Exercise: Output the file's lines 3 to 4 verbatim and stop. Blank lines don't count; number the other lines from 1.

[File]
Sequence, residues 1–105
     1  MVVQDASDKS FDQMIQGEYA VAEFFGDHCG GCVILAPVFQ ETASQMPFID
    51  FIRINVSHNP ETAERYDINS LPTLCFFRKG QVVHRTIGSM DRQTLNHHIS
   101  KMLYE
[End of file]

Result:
    51  FIRINVSHNP ETAERYDINS LPTLCFFRKG QVVHRTIGSM DRQTLNHHIS
   101  KMLYE